Tuna with flageolet beans and radicchio

I’m still on a bean kick (just ordered 4 lbs worth from the nice folks over at Zursun) so I was excited when I found the following recipe in A Twist of the Wrist by Nancy Silverton: Seared Rare Tuna with Mashed Flageolet Beans and Radicchio. I couldn’t find any flageolet beans at Whole Foods so I used great northern beans instead. Wow. What a fantastic, simple, yet delicious recipe. The wilted radicchio and olive oil together with the presentation really step it up a notch so that you feel as though you are eating a meal prepared in a fancy restaurant. I’ll definitely be making this one again!

Beans:

1/4 cup plus 2 TB extra virgin olive oil
2 large garlic cloves, grated or minced (about 2 tsp), I used more
1 15 oz can flageolet beans, rinsed and drained (or cook up 1.5 cups dried beans)
2 tsp chopped fresh rosemary leaves (makes a huge difference to use fresh)
2 tsp kosher salt
2 tsp aged balsamic vinegar (don’t use your everyday version here as it will make the beans taste too acidic)

Tuna:

4 6 oz sushi-grade tuna steaks (1-1.5 inches thick)
Kosher salt and freshly ground black pepper
1/4 cup canola oil (or other neutral-flavored oil), plus extra for searing radicchio if necessary (definitely wasn’t for us)
8 large whole radicchio leaves
High-quality extra virgin olive oil for drizzling (very important to use a good one as it adds a lot of flavor to the final dish)
Aged balsamic vinegar, for drizzling
Lemon, for squeezing over fish (I forgot about this step and still enjoyed the dish)

To make the beans, heat 1/4 cup of the olive oil with the garlic over medium-high heat and cook for about 1.5 minutes, until the garlic is soft and fragrant, stirring consistently so the garlic doesn’t brown. Turn up the heat to high, add the beans, rosemary, salt, and 1/4 cup water, and bring to a boil. Reduce the heat to low and simmer the beans for 2 minutes until they are tender enough to smash with a fork. Transfer the beans and their cooking liquid to a large mortar or bowl (I mashed them in the original pot). Add the remaining 2 TB of olive oil and the balsamic vinegar, and mash with a pestle or masher until the beans are mashed but still slightly chunky. Add a few drops of warm water if necessary to obtain a creamy, spoonable consistency.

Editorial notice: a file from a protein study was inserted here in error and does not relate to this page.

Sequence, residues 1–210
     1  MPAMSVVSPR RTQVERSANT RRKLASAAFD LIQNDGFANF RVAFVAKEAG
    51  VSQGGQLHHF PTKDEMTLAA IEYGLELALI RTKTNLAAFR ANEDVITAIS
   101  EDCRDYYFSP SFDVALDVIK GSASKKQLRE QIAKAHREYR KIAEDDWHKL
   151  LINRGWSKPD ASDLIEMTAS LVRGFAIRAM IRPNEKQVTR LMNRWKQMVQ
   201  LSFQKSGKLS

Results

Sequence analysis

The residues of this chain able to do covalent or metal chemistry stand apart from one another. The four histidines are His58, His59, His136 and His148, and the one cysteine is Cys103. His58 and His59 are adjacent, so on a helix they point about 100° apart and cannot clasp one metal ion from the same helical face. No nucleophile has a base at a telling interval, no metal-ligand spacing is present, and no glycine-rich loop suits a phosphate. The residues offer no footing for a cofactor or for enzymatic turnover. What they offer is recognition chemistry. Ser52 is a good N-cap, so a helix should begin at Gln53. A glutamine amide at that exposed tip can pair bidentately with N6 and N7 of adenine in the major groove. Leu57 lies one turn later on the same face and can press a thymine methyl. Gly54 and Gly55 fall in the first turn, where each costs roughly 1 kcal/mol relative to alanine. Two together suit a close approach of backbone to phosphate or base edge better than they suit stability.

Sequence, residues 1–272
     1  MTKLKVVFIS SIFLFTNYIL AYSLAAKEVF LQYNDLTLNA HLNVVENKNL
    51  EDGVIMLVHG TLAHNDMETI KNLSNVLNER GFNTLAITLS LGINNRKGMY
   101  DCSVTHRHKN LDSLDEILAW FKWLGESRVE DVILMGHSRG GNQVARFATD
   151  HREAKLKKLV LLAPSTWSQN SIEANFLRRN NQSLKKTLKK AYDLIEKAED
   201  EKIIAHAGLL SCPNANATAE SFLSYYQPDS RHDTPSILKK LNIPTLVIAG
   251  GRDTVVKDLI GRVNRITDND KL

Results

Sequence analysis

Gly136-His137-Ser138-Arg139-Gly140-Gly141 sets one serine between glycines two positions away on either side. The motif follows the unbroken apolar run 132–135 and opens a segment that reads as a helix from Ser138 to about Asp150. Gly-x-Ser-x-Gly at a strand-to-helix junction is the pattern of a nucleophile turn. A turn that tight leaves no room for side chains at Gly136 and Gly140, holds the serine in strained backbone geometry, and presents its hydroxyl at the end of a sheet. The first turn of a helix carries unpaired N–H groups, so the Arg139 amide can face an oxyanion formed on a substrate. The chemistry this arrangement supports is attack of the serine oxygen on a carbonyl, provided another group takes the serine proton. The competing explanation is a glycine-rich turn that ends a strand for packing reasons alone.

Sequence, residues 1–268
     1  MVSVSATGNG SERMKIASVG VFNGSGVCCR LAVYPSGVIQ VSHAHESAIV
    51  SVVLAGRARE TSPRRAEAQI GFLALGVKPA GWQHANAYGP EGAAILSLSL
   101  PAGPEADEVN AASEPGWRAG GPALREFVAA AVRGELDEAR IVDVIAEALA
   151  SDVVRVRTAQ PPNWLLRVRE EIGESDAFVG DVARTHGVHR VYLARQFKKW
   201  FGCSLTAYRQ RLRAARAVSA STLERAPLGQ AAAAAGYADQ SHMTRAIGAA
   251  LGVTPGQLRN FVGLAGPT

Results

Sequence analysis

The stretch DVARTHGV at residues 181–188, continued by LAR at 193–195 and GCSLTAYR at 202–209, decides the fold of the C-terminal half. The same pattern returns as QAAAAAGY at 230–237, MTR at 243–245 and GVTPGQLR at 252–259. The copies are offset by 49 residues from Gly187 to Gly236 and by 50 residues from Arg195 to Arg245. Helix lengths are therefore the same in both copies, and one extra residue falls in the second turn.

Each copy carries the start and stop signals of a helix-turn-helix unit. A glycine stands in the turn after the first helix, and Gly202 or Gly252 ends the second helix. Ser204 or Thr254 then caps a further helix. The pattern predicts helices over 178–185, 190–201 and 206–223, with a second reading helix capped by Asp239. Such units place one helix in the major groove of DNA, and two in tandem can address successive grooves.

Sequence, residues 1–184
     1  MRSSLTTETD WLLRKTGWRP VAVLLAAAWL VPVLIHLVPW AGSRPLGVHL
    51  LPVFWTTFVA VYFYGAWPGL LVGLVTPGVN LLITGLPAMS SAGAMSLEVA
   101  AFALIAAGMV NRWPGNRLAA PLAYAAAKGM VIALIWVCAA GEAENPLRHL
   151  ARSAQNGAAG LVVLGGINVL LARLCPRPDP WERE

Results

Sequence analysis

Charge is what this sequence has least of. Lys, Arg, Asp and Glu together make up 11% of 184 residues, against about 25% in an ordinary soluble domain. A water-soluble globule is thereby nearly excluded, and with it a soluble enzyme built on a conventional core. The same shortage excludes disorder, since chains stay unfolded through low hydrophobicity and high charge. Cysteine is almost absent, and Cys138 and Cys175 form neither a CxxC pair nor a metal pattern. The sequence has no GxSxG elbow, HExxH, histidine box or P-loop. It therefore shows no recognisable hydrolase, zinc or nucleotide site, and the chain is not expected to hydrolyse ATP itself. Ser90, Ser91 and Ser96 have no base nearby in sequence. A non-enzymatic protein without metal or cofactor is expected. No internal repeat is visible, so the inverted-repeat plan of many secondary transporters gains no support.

Rinse the tuna steaks under cool water, pat them dry with paper towels, and season both sides with kosher salt and freshly ground black pepper.

Heat the canola oil in a large heavy-bottomed skillet over high heat for 2-3 minutes, until the oil is almost smoking (you will begin to smell the oil at that point). Place the tuna steaks in the pan and sear for 1 minute for rare or 1.5 minutes for medium-rare on each side. Transfer to a plate to rest.

If the skillet is dry (ours wasn’t), add enough canola oil to coat it and heat it over high heat. Put 4 radicchio leaves in the skillet in a single layer and cook them for about 45 seconds on each side, until they are seared and slightly wilted (this took about 20 seconds for me). Remove the leaves from the skillet and place two leaves on each of the two plates. Cook remaining leaves in the same way, adding oil if necessary.

Spoon the mashed beans onto the radicchio, dividing them evenly and smashing them down slightly to create a bed for the tuna. Drizzle each serving of beans with the high-quality olive oil, balsamic vinegar, and pepper. Place the steaks first-seared side up on top of the beans, drizzle them with the juices from the plate they were resting on, and squeeze a few drops of lemon juice over them. Voila!

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